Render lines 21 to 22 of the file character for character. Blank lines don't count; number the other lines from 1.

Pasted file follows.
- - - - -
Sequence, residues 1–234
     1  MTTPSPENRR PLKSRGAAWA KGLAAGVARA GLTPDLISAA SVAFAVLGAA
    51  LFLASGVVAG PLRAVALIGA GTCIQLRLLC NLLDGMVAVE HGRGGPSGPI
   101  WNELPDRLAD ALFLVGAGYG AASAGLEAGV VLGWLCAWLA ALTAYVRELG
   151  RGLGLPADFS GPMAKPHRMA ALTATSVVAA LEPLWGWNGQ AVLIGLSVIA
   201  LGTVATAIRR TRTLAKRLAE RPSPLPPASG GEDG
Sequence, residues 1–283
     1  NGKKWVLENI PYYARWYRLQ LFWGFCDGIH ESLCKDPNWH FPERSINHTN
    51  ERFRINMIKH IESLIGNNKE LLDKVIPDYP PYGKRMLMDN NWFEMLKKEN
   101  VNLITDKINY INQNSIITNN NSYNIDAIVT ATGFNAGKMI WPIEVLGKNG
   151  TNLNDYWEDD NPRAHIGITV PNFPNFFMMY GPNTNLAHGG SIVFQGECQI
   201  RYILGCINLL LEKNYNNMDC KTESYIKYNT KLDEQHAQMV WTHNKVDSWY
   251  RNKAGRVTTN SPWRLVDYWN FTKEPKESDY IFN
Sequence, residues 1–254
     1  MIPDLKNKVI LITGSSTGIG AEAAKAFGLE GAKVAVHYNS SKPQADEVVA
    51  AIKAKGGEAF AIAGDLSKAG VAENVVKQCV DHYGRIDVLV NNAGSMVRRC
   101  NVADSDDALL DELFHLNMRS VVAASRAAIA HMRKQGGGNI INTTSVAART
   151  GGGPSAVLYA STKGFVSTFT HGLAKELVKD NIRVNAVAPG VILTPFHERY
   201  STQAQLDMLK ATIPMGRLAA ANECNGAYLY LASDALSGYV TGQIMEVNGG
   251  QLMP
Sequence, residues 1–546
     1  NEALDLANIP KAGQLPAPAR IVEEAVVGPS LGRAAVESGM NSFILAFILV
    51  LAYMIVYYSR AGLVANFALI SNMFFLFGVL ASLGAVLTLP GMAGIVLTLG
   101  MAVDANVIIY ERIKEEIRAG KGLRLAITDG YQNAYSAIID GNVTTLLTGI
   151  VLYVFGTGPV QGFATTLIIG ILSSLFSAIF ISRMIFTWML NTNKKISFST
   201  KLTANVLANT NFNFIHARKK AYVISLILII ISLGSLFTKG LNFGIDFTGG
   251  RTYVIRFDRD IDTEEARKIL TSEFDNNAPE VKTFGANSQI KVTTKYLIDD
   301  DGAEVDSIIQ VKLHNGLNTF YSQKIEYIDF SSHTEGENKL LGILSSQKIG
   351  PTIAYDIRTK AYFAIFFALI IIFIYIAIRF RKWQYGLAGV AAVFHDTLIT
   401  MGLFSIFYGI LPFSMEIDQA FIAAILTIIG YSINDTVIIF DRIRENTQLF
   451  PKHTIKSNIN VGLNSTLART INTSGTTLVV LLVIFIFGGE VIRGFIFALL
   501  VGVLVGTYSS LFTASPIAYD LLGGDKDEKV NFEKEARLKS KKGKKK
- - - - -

Sequence, residues 1–546
     1  NEALDLANIP KAGQLPAPAR IVEEAVVGPS LGRAAVESGM NSFILAFILV